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Insurance brokers in Nigeria initiate moves to support the National Insurance Commission in the enforcement of compulsory insurance policies and deepening insurance penetration in the country.
By Pita Ochai
Poor enforcement of laws has been identified as the major obstacle hindering the efforts of the National Insurance Commission (NAICOM) and other insurance operators to deepen insurance penetration in the country. Although there are laws which make insurance compulsory for certain class of businesses and activities, there has been no enforcement of such laws by insurers.
Insurance practitioners in the country are worried that there were no laws mandating specific security agencies or other government agencies to enforce specific aspects of the insurance laws, especially in terms of ensuring that offenders are apprehended and sanctioned. Over the years, 15 insurance products have been made compulsory by the federal government, but NAICOM has singled out five of these products for full enforcement under the Market Development and Restructuring Initiative (MDRI). They include the Motor Vehicle (Third Party) Insurance and the Group Life Assurance for workers at the instance of their employers. Others are insurance of buildings under construction (builders’ liability), insurance of public buildings (occupier’s liability) and professional indemnity for medical and healthcare workers.
NAICOM is also said to be engaging stakeholders on the compulsory aviation insurance as mandated by the Nigerian Civil Aviation Act 2006, while enforcing the Nigerian Oil and Gas Industry Content Development Act, 2010. Wale Banmore, managing director of Royal Prudential Life Assurance Limited, decried the non enforcement of compulsory insurance in the country. “There is no compulsory insurance in Nigeria. The attitude of people towards insurance is the same thing in all the places I have travelled to, including the United Kingdom, America, Australia and South Africa, but the difference over there is that the word compulsory is indeed compulsory. For something to be compulsory there must be consequence, but in Nigeria there is no consequence. If you don’t have group life insurance in Nigeria as an employer, who takes you to court,” he queried.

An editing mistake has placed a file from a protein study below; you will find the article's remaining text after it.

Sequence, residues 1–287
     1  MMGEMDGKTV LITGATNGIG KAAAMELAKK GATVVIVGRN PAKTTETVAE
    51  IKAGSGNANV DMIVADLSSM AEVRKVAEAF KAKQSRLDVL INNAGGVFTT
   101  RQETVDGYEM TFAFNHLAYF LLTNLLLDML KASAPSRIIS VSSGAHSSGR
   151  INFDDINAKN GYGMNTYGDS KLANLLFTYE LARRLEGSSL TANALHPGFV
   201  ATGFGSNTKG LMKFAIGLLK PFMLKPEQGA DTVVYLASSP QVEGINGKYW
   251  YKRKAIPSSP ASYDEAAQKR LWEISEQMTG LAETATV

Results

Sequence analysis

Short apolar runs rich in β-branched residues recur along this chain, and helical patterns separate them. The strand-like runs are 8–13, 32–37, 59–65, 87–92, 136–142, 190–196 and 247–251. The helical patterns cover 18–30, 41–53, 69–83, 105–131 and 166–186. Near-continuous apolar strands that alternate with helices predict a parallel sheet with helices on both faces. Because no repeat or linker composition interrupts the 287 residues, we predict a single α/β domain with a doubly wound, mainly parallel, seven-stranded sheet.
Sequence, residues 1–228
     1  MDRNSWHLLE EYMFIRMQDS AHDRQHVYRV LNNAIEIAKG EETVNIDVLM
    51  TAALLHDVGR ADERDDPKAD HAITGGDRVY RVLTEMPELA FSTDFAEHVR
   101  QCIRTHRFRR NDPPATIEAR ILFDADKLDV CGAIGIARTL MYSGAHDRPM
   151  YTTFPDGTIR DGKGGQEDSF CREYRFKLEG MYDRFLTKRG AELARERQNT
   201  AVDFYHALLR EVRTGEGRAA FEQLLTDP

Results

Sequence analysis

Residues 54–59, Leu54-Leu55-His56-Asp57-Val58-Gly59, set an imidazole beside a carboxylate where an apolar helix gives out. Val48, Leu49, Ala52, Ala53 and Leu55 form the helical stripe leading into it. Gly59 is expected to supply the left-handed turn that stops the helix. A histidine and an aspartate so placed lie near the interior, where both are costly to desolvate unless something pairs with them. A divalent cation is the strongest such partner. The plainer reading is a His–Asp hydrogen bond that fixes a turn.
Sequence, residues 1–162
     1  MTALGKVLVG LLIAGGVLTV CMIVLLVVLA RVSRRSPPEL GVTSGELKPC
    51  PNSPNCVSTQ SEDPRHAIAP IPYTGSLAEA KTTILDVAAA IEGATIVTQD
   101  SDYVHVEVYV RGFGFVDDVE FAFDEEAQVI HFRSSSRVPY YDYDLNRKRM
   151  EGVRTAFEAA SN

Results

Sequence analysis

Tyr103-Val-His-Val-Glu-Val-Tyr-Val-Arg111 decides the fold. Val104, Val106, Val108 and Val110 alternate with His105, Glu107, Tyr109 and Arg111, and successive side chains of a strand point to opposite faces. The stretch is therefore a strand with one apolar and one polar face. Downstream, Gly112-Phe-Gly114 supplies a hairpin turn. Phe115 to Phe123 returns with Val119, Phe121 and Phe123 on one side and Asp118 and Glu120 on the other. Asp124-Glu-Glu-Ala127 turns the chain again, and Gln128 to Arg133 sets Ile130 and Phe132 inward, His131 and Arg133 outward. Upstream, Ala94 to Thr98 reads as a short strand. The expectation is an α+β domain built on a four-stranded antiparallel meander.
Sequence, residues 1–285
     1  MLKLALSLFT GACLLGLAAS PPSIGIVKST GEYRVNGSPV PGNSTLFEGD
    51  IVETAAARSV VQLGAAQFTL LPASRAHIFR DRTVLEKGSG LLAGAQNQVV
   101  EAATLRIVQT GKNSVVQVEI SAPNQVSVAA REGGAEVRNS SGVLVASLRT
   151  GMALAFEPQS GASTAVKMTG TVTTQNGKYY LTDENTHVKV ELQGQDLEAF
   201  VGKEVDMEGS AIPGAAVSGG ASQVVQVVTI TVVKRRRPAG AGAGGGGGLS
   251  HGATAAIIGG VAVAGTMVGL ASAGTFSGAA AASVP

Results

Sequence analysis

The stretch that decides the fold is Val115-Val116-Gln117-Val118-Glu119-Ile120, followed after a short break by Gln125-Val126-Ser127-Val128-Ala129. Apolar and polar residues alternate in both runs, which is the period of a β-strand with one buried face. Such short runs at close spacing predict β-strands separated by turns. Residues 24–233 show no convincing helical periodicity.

On the shortcomings of the compulsory building insurance law, Kolapo Adedeji, managing director of Niger Insurance Plc, said that no specific agency of government was charged with the enforcement of the law. “There is no separate enactment for compulsory insurance of public buildings. This inadequate legal framework makes it completely difficult to enforce the provision considering the fact that legal provisions on compulsory insurances have never been enforced against the public by NAICOM or any regulatory body at their inception,” he said.
According to him, rather than have compulsory insurances lumped under the Insurance Act, it would have been better to have separate laws for each of them such that these laws would mandate relevant enforcement agencies. “In the case of insurance of public buildings, all states’ physical planning authorities should be empowered to enforce the provisions of the Act,” he said. He noted that the law defined public buildings to include tenement houses, hostels, buildings occupied by tenant, lodger or licensee as well as buildings used for educational, medical and recreational purposes. “Where there are many tenants, e.g. in a multi-story building where we have a hospital, a restaurant and hostel on different floors, how would liability or insurable interest be determined among the tenants,” Adedeji queried.
In their quest for solution to this problem, insurance brokers across the country said they intend to partner and lobby lawmakers in the 36 states of the federation to make them see reasons and enact laws compelling residents in their respective states to comply with all the insurance policies mandated by various legislations in the country. President of the council, Ayodapo Shoderu said this initiative, which they described as a priority project for this year, was part of their contributions in support of efforts by NAICOM to deepen insurance penetration by enforcing compulsory insurances.
He observed that the incidence of building collapse and the attendant human and material losses would reduce considerably if states government could make laws enforcing compliance with relevant sections of the Insurance laws mandating certain insurances.